The disease of structure small outpouchings (diverticula) in the muscular wall of the large intestine (the bowel) that form in weak areas of the bowel is known as diverticulosis. The sigmoid colon, a high-pressure region of the large intestine, is where they most commonly occur.
Diverticular disease is extremely common in Western cultures, affecting 10% of people over 40 and 50% of people over 60. A lack of roughage (fiber) in the diet is a common cause of constipation. Diverticulitis may develop from diverticulosis in some cases.
About 10% of people with outpouchings have diverticular disease complications. Infection or inflammation (diverticulitis), bleeding, and obstruction are all examples of diverticulitis symptoms. Constipation management and antibiotics, if necessary, are part of the treatment for diverticulitis. Surgery to remove the diseased segment of the colon is the last resort for those who have experienced significant complications.
Signs and Symptoms of Diverticulitis
It is possible for diverticulitis, an infection, and inflammation of the diverticula, to occur suddenly and unexpectedly.
For example, diarrhea and/or constipation, as well as abdominal pain and tenderness, may be signs of diverticulitis.
The signs and symptoms of diverticulitis can be mistaken for those of colitis (larger segment of colon inflammation). Appendicitis typically causes pain in the lower right abdomen, whereas diverticulitis typically affects the lower left. Because the treatments for these conditions are so different, a timely and accurate diagnosis is critical.
What Is the Prognosis for Diverticulosis?
Diverticulosis without symptoms or complications does not necessitate treatment, but a high-fiber diet is recommended to help prevent the growth of new diverticula in the intestines.
If you have diverticulosis, you should avoid laxatives and enemas at all costs.
Diverticulitis Can Lead to a Range of Complications.
Diverticulitis can lead to serious complications. A tear or perforation in the intestinal wall is the most common cause. Gut waste can leak from the intestines and cause a variety of issues in the surrounding abdominal cavity.
· Abscesses (infections that have been “walled off” in the abdomen)
· Obstruction (blockage of the digestive tract) (blockages of the intestine)
· If there is an abscess, the doctor will need to use a needle to remove the pus. The abscess may necessitate surgery to remove a portion of the colon and clean the abscess. If the infection spreads into the abdominal cavity (peritonitis), surgery is required to remove the infected portion of the colon and clean the abdominal cavity. Peritonitis can be fatal if left untreated.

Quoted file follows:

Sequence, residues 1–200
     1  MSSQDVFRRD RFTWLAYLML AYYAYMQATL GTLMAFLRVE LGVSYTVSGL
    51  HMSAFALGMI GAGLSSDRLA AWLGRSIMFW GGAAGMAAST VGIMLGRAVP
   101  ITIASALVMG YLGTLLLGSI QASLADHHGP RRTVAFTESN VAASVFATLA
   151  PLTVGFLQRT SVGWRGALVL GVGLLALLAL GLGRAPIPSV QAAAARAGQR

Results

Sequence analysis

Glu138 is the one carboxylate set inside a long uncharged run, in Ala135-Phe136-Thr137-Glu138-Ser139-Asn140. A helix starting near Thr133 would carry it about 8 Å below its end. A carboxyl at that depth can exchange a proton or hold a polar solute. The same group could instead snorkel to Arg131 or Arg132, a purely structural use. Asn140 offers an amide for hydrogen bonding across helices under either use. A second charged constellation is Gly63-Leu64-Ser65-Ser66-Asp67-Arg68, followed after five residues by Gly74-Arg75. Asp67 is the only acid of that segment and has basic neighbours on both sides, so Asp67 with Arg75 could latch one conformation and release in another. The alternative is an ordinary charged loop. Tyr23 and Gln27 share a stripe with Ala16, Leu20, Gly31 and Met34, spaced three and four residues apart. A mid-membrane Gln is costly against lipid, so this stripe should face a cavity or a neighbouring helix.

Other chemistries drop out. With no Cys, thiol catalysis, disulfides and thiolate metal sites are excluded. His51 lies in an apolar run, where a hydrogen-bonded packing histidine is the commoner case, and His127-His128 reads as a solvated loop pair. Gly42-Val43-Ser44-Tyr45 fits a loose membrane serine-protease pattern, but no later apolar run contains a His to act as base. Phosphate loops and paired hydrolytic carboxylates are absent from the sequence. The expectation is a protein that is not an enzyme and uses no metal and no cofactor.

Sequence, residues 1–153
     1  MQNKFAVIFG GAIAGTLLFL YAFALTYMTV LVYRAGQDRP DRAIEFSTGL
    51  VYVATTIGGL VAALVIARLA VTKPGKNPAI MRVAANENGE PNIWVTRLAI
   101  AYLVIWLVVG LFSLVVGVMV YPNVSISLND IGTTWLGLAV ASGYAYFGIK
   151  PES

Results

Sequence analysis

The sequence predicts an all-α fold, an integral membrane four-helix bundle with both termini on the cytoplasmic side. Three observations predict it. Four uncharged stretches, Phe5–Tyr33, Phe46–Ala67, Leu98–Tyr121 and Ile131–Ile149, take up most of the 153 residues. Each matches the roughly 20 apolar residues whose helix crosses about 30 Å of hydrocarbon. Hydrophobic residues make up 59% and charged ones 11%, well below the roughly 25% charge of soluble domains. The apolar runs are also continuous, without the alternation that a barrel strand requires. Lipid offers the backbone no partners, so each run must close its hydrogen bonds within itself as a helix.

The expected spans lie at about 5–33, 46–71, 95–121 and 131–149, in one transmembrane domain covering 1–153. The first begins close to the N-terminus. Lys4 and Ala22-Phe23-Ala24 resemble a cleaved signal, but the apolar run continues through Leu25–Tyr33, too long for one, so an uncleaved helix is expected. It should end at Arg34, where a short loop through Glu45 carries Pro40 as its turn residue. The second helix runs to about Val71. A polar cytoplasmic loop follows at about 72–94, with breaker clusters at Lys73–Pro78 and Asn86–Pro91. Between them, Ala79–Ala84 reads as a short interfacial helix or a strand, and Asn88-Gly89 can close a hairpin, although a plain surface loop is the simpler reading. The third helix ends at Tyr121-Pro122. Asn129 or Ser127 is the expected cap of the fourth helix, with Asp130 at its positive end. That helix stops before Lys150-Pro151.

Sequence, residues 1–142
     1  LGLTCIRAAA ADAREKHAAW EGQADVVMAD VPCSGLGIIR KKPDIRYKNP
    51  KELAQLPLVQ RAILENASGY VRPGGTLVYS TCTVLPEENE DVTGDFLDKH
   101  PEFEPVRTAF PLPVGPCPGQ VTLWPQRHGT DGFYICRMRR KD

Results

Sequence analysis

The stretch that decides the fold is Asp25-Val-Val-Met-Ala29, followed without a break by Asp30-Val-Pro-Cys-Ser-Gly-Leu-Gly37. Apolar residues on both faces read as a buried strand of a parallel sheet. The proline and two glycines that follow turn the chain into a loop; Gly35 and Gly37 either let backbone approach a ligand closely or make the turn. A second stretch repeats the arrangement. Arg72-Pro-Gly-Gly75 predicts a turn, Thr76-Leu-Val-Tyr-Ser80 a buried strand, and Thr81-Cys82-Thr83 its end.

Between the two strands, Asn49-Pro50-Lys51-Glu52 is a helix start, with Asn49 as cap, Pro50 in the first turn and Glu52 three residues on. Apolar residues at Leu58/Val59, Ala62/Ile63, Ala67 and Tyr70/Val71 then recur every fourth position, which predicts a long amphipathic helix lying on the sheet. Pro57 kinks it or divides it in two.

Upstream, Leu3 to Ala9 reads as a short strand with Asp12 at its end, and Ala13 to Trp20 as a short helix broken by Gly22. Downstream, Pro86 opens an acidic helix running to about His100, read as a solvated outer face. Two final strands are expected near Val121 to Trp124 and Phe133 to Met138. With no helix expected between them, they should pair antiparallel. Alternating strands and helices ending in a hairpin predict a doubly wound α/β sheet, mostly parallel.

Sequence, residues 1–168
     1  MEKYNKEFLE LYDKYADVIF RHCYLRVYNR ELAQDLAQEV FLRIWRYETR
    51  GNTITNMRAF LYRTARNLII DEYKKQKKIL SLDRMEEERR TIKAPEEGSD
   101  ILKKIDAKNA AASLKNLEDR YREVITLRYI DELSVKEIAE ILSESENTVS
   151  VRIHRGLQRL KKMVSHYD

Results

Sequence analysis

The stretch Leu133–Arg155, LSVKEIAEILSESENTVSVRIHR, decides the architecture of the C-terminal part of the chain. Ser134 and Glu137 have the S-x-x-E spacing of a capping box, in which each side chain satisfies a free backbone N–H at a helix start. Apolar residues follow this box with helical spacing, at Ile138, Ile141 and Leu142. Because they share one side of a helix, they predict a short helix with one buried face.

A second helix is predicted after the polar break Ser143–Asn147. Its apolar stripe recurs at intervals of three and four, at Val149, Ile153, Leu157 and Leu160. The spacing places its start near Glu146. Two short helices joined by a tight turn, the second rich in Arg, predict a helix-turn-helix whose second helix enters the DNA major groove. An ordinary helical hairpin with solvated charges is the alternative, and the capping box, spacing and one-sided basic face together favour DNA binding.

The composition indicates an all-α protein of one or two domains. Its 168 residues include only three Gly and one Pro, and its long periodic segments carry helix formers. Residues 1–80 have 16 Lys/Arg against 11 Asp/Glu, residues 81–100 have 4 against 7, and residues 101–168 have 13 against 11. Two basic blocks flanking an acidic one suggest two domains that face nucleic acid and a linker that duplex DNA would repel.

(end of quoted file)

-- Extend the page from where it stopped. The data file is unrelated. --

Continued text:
· A partial or complete blockage of the colon’s lining can result from infection-induced scarring. Emergency surgery is not required for a partial blockage. When the blockage is complete.
You could be diagnosed by your physician by:
· For the most accurate diagnosis of diverticulitis, an abdominal or pelvic CT scan is required. If the condition is severe enough, it can also be used to guide treatment. A contrast agent may be administered intravenously (IV). Drinking an oral contrast material an hour before the scan is also an option. Radiologists are able to see more clearly your digestive tract and other internal organs thanks to both materials.
· Inflamed, infected pouches can be seen in the colon’s interior through a small camera.
· Ultrasound-Pelvis: Ultrasound uses sound waves rather than ionizing radiation to produce images of the organs in the abdomen. Ultrasound images, on the other hand, lack the level of detail provided by CT scans, making them ineffective for evaluating the intestines.
· Diverticulitis may necessitate an x-ray of the lower gastrointestinal tract.
· Urine tests, on the other hand, are used to detect signs of infection and inflammation. Among these warning signs is an increase in levels of the white blood cells in the blood.
Your doctor may ask you to take a pregnancy test if you are of childbearing age. Pregnancy as a cause of abdominal pain can be ruled out with this test.
A visit to the doctor should be made as soon as possible if you are experiencing any of the symptoms of diverticulitis.
Doral Health Experts
A physical examination, which may include an abdominal exam, and questions about your medical history (including bowel habits, symptoms, diet, and current medications) will be performed by your doctor.
There may be a need for a diagnostic procedure. Blood tests and computed tomography scans are two common procedures.
A colonoscopy may be ordered by a doctor if a patient is experiencing heavy, rapid rectal bleeding.
The digestive system necessitates specialized attention from a multidisciplinary team. Our gastroenterologists treat patients with pancreatic, liver, gallbladder, esophagus, stomach, small intestine, and colon diseases or disorders. Call us today at 347-868-1016.